Tuesday 9 May 2023

Silvesters Stores Shuts

This is not going to be a cheerful article. Uncharacteristically for me, there is no last minute white pill waiting in the wings for this one I'm afraid. Silvesters Stores is closing. Today was its last day and there is a massive clearance sale on. Everything that can be fitted into one basket costs just a tenner. Silvesters is a hardware shop in a residential area of East Oxford; right inside what I call the "mini-Bohemian quarter" of Oxford. It is also just across the road from the ill-fated Inner Bookshop, see background links. It has stood on the corner of Magdalen Road and Hurst Street for as long as anybody I know can remember. The style of its shop sign indicates it originated way back into the last century; maybe even the one before. Nobody remembers who Silvester was. It has always been the... the place to go for all electrical and household goods; light-bulbs, fuses, DIY tools etc. It was run by a cheerful man who, unlike many chain casual staff, both loved his work and knew a lot about it. He could answer any question you asked: What is the right battery for this appliance? How long an extension flex should I use for this socket? etc. When I walked past Silvesters today during work I was shocked and very saddened to see that it was closing down. It had the sale notice in the window and an estate agent sign attached to the wall, see the illustration. Really it shouldn't surprise me. Like all small local businesses, Silvesters was dealt a body blow by the Covid lockdown. I remember last year queuing outside when it first reopened because only one person was allowed in the shop at a time. I decided to go there after work and find out what had happened. However, when I got there, there was a queue, just like in lockdown times. "You can't go in there yet, mate." said one of the men in the queue. "It's one person at a time and we're ahead."
    "I don't want to buy anything." I replied. "I just want to find out why they're closing." I opened the door and went in. Strangely enough, the man who is usually behind the counter was not there; instead there was a woman I'd never seen before. She immediately barked at me: "Could you wait outside in the queue please! Only one person allowed in the shop at a time!"
    I replied: "I don't want to buy anything; I just want to have a word."
    "Alright, but I still need you to wait in the queue please!"
    I left the shop and walked away. It appears Silvesters is already in the hands of the liquidators. The woman in the shop with the corporate Robocop manner must be somebody employed by some High Street insolvency vultures. It feels to me like everything noble and profound in my world is evaporating before my eyes. The fun has been taken out of work, individuality and honesty has been cut out of our retail experience and any person who dares to express any form of uniqueness is persecuted as if they were an arch criminal. It's like Andy Thomas says: "Everything is designed to break out spirit." This really is a series of unfortunate events and there are times when it feels like it will never end and I can't really see a way out of it.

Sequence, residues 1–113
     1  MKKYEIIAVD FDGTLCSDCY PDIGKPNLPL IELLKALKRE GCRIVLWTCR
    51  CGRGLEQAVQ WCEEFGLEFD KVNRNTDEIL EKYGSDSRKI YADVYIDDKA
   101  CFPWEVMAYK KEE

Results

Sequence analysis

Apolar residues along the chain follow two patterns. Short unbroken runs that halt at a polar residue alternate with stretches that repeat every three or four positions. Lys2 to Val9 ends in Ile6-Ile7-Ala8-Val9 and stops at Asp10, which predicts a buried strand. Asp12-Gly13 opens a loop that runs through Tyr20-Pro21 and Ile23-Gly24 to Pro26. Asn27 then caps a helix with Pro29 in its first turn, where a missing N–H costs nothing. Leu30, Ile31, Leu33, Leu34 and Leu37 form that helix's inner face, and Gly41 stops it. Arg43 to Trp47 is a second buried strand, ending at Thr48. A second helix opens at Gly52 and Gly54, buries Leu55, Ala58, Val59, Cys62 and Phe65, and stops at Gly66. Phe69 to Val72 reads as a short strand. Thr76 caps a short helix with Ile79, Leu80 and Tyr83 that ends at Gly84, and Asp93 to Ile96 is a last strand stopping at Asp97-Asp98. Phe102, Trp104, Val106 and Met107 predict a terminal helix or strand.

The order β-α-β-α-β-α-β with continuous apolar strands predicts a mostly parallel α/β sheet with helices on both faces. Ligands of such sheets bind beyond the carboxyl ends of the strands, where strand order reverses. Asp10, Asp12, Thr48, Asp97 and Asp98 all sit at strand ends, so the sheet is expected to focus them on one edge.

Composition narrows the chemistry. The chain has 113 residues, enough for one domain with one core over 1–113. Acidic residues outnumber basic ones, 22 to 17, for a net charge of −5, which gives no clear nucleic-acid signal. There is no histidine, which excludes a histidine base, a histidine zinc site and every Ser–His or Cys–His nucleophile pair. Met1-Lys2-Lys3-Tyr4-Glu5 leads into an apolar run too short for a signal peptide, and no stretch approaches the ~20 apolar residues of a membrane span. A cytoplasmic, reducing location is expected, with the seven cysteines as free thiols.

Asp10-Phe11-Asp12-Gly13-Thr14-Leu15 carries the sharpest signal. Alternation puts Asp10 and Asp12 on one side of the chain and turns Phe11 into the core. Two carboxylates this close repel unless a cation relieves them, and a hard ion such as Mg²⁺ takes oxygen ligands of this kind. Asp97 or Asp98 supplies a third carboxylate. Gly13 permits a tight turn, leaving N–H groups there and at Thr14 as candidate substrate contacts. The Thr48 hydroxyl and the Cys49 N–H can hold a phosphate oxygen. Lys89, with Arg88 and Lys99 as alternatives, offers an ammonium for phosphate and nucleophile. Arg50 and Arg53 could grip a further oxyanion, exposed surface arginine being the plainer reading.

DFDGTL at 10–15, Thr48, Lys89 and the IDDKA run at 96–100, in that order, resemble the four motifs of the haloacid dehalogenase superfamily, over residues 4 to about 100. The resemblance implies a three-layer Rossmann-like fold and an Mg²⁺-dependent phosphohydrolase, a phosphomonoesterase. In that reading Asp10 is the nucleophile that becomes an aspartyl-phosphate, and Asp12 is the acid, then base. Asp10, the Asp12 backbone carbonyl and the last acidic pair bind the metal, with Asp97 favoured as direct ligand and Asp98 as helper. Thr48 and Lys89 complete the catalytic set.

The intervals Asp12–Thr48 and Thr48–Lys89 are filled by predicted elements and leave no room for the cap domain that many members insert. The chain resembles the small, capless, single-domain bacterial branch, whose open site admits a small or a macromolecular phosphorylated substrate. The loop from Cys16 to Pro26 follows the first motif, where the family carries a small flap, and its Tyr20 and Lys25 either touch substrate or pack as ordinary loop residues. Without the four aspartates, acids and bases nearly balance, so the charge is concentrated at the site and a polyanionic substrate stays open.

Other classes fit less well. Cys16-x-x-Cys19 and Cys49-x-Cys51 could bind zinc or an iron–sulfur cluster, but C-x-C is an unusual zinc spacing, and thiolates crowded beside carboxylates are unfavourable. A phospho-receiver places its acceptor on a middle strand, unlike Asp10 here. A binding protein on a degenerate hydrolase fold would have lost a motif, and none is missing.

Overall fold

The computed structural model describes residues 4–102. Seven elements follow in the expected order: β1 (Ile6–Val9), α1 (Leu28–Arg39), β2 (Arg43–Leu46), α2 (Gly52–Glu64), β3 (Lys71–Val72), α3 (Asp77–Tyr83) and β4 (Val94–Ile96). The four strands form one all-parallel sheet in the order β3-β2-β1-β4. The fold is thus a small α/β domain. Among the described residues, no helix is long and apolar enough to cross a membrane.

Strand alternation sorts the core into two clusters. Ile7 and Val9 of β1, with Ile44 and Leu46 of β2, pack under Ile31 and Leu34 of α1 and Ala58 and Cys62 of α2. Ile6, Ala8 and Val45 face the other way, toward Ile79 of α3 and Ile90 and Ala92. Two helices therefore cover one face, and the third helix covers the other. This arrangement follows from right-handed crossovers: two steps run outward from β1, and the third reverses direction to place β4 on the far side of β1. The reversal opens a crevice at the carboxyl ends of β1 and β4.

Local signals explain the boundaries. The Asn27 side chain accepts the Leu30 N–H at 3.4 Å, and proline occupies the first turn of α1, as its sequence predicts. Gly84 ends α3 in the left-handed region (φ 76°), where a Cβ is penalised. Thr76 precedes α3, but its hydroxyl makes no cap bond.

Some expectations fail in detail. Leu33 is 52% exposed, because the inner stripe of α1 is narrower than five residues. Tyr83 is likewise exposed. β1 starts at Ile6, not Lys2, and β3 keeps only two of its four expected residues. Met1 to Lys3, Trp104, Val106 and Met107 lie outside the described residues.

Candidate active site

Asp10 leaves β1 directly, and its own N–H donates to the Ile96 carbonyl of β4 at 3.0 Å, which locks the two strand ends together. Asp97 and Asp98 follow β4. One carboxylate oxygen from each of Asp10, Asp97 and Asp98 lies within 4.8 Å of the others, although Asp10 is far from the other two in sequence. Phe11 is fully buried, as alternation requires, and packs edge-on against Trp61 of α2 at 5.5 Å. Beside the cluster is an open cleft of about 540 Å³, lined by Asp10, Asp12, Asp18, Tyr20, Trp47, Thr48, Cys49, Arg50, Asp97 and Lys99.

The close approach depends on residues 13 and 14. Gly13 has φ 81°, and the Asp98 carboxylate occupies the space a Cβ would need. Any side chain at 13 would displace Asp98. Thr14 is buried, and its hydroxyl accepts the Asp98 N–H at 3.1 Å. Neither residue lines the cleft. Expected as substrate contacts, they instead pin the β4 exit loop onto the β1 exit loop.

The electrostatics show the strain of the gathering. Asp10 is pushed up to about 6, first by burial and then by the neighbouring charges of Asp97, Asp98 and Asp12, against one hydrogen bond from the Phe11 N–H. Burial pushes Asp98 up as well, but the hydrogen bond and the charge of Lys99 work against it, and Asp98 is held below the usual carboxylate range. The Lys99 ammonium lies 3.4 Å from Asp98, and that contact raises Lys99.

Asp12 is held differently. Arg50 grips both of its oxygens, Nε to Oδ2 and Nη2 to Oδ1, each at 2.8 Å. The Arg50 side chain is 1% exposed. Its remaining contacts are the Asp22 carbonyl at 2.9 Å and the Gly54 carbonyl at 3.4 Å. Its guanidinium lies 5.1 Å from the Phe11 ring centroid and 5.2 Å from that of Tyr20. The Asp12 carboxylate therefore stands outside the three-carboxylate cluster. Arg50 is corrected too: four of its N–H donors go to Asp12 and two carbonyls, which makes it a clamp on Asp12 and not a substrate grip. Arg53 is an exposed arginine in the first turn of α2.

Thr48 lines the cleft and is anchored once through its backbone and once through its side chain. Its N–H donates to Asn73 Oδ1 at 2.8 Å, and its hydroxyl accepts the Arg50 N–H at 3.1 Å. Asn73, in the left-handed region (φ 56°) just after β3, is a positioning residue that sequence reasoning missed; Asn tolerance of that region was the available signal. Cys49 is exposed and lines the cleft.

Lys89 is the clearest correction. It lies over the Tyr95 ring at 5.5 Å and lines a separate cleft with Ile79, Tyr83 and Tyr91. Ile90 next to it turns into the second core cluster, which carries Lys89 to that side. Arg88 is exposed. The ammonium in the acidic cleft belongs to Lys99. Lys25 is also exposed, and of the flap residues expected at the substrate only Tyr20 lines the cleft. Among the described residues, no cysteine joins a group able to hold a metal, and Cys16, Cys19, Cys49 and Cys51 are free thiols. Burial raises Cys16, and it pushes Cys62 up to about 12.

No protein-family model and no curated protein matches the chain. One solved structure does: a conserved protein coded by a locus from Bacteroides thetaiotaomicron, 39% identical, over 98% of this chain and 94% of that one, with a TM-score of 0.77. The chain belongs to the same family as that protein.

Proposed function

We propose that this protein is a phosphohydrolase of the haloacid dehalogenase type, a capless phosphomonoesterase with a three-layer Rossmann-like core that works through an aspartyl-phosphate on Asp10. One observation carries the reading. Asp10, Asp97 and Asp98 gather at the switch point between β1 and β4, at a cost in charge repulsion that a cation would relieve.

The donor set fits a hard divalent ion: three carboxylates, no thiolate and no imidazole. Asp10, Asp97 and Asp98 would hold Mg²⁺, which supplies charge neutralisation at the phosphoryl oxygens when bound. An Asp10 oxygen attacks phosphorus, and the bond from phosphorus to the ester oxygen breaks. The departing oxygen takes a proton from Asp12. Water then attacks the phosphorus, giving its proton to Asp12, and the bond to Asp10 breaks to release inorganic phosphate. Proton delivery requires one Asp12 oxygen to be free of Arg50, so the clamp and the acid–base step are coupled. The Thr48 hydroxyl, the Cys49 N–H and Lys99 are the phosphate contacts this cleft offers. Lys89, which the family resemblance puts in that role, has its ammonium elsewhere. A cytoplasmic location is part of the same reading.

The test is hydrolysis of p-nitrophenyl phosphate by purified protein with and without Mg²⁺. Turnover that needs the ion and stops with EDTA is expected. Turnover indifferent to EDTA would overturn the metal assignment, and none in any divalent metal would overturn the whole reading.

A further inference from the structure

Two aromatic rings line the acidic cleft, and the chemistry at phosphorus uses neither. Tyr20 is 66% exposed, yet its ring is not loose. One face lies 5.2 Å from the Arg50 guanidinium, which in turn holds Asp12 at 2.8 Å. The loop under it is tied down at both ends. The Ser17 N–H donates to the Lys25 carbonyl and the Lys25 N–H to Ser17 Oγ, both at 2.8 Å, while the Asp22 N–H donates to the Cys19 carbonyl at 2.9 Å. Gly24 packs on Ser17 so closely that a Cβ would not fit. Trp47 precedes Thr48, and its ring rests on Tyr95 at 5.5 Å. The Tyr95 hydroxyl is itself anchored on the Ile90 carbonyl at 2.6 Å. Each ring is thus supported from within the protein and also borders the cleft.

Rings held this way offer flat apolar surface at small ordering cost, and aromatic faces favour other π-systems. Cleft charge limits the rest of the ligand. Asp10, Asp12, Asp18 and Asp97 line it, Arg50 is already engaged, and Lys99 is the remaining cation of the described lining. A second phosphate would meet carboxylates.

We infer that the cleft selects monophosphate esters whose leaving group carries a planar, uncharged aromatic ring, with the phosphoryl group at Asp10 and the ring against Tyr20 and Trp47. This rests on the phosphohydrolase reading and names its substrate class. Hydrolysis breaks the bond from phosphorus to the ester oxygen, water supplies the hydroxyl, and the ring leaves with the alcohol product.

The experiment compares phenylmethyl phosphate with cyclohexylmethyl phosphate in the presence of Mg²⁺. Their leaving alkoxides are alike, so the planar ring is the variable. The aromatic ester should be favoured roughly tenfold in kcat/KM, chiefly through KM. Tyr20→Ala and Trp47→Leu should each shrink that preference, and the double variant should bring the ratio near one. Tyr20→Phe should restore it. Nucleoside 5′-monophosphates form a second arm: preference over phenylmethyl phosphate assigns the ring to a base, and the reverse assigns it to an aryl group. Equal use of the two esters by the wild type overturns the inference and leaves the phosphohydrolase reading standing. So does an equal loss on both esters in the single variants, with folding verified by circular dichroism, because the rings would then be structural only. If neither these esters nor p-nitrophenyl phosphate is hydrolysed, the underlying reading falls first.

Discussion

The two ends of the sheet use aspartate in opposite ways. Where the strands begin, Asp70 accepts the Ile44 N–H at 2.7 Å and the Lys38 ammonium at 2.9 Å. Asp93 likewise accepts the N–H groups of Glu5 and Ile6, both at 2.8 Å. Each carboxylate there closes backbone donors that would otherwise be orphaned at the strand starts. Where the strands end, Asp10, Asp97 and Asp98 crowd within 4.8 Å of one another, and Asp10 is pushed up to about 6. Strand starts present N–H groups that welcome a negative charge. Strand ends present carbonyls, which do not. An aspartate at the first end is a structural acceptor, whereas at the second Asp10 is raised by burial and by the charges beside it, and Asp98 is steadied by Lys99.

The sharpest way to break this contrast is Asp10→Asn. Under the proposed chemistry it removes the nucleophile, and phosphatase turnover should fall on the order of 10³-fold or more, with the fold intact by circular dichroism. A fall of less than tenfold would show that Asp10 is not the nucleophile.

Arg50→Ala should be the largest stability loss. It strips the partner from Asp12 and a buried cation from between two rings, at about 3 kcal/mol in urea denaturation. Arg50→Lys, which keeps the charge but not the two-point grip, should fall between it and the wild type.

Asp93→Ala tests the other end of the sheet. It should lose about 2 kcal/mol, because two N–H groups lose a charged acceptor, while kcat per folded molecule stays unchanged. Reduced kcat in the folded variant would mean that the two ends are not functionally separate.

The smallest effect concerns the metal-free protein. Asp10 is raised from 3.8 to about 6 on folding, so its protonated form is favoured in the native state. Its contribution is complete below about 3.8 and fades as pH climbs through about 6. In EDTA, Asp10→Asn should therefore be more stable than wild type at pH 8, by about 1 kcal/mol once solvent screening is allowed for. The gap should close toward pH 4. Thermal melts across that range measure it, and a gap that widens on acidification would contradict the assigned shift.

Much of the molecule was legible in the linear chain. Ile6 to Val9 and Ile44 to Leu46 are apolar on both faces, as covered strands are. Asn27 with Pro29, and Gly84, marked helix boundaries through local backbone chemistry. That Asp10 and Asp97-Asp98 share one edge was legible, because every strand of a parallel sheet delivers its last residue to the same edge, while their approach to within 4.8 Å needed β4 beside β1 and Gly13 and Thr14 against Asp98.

See here for more information: https://hpanwo-tv.blogspot.com/2012/06/oxfords-rive-gauche.html.
And: https://hpanwo-tv.blogspot.com/2014/10/inner-bookshop-closes.html.


Anonymous said...

This makes me very sad to see. Unfortunatly it is far from unique to your local area either. Nobody will necessarily know the unique circumstances for every small business closure, however the ones that have 'been around forever' to the locals before closing seems all the more poignant for their loss. For some it could well have been lockdowns but I fear much is the changing habits with internet shopping in the same way out of town shopping destroyed towns in the eighties.

Very recently I had the same experience with a local indoor market, virtually derelict. A handful of stalls from a thriving market it's heyday long gone now being forcibly closed by a local council no longer willing to subsidise it's existence with government funding reduced forcing the remaining stallholders to leave unwillingly. The handful that remain in single digits either the newest to arrive under false promises or the oldest survivors determined to go down with the ship.

It makes me feel so guilty of not using it in the same way I had done in my student days for bargains when money was tight or for that knowledgeable stallholder to show me what I needed to fix something being young and inexperienced in DIY newly living away from home for the first time. Use it or loose it couldn't be more apt in these times.

Ben Emlyn-Jones said...

It's devastating, isn't it. It seems the older, sweeter and more honest a business is, the more difficult it find it to operate in today's society. I can only take comfort in that MLK line, it's a sign of health to feel maladjusted to a sick society.

Richard K said...

Would it be fair to say the LTN's played more a part in its demise? We have a similar family run shop in Brum, which remained open as an 'essential service' during lockdown, but before the LTNs were imposed in King's Heath. 80% of traders now quote a 40% drop in trade.

Ben Emlyn-Jones said...

Hi Richard.
I'm sure they have not helped. Magdalen Road does have an LTN bollard a hundred yards up the road from it which means if you want to access the shop from Cowley Road you literally have to go all the way to St Clements and round The Plain. It's insanity! you could park behind the bollard and walk, but if you have a lot to carry etc that is not an option.